UAE National Day: Pakistani expat tells how she spent 54 years in the country

Saman Haziq
Filed on December 3, 2020
Photo by M.Sajjad/Khaleej Times

In 1966, Bano — now fondly known as ‘Akhter aunty’ — came to Dubai on a wooden ship with her husband whom she called ‘Khan sahab’.

Akhter Bano is a living example of how the UAE has served as a safe haven for millions of expats. She landed on UAE soil when she was a newly married 20-year-old — now, she’s 74, living on her own in a one-bedroom apartment in Ajman.

In 1966, Bano — now fondly known as ‘Akhter aunty’ — came to Dubai on a wooden ship with her husband whom she called ‘Khan sahab’. She is one of the few expats in the country who can boast about having the Trucial States visa on her passport, as she landed almost a decade before the UAE was formed.

Back in the ‘60s, they couldn’t wear shoes in Dubai, Bano recalled. “It was very sandy here and we could only wear slippers. The only currency used were Indian rupee notes and people would come from different areas to Dubai to look at this one-floor building that was located in Deira and marvel at its structure.”

Tragedy in 1984

In 1984, tragedy struck: Her husband died of heart attack. So, she had to single-handedly raise her five children.

“Although he was just a driver at a bank earning a meagre Dh220, we were happy and contented. After his death, when I was left alone with five young children, his bank came to my aid and apart from handing over a good gratuity, my elder son, who was in Grade 11 at that time, was able to take up a part-time job at the bank.”

Though the family had a hard time making ends meet, she persevered just so she could raise her kids well.

“Sadly, as I started marrying off my children, they gradually drifted away and got so busy with their lives that I was left alone,” Bano said.

With no one to fall back on and no property or house in Pakistan, Bano decided to live in the UAE alone. Even to this day, 15 years on, she hasn’t had much contact with her kids. She has been staying alone in a one-bedroom apartment in Al Nuamiya Tower in Ajman.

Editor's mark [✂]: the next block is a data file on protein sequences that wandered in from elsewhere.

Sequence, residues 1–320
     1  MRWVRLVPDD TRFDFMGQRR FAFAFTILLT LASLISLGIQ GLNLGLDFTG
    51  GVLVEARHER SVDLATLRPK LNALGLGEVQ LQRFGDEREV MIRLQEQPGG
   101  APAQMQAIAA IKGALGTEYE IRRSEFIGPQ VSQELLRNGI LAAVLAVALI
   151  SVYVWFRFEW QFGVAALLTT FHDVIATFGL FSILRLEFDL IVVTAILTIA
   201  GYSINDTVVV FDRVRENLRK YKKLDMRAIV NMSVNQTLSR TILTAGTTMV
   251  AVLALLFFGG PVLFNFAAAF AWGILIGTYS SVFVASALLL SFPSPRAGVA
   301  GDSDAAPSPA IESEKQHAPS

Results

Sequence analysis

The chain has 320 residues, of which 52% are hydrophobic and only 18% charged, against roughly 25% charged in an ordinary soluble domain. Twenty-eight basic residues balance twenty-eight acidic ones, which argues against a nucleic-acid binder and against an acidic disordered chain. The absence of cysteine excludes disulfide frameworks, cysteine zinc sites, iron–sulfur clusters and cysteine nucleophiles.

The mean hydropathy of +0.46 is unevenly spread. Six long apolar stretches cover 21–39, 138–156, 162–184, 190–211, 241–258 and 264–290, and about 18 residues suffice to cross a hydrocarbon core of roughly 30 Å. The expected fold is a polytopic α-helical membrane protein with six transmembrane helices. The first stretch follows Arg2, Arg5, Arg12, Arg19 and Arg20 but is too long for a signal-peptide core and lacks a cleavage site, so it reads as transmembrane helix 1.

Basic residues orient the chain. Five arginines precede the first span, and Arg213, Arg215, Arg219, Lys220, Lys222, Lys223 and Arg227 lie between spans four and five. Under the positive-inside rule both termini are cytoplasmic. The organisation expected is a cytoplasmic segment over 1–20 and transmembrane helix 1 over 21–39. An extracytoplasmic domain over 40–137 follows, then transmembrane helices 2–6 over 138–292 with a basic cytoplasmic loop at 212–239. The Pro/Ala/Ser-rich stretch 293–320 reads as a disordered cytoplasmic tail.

“I have given the main room on rent and I stay in the living room. This is how I am able to pay the rent of this apartment. I sometimes sell off my gold to survive but I am grateful to God for giving me a place of my own.” she said.

“I am happy to be here in the UAE as I wouldn’t have survived anywhere alone as I did here. This is because of the immense safety, security and peace I experience here in the UAE,” she said.

Bano’s visa was sponsored by one of her sons, whom she paid for the service. But because he lost his job, she is now on visit visa.

A mother figure in her neighbourhood

She may be alone but she’s certainly not lonely, Bano said. Her neighbours in the building would visit her regularly.

“They would also call me and give me so much love. It is the people of the UAE whose warmth and care keeps me going,” Bano said.

“At times when I walk to the market alone to get some grocery, the Ajman Police would stop by and ask me if they can drop me somewhere. This is why I want to be here in the UAE because of the love and respect I get from all.”

Shedding tears of happiness as she sees the UAE turn 49, Bano says she has spent the best years of her life in the UAE and now wants to spend the little more time she has in this country so she can be laid to rest beside her husband’s grave.

“I want to thank the leadership of this country for giving us residents so much safety and security and love. There is no place on this planet that I love more than the UAE.”

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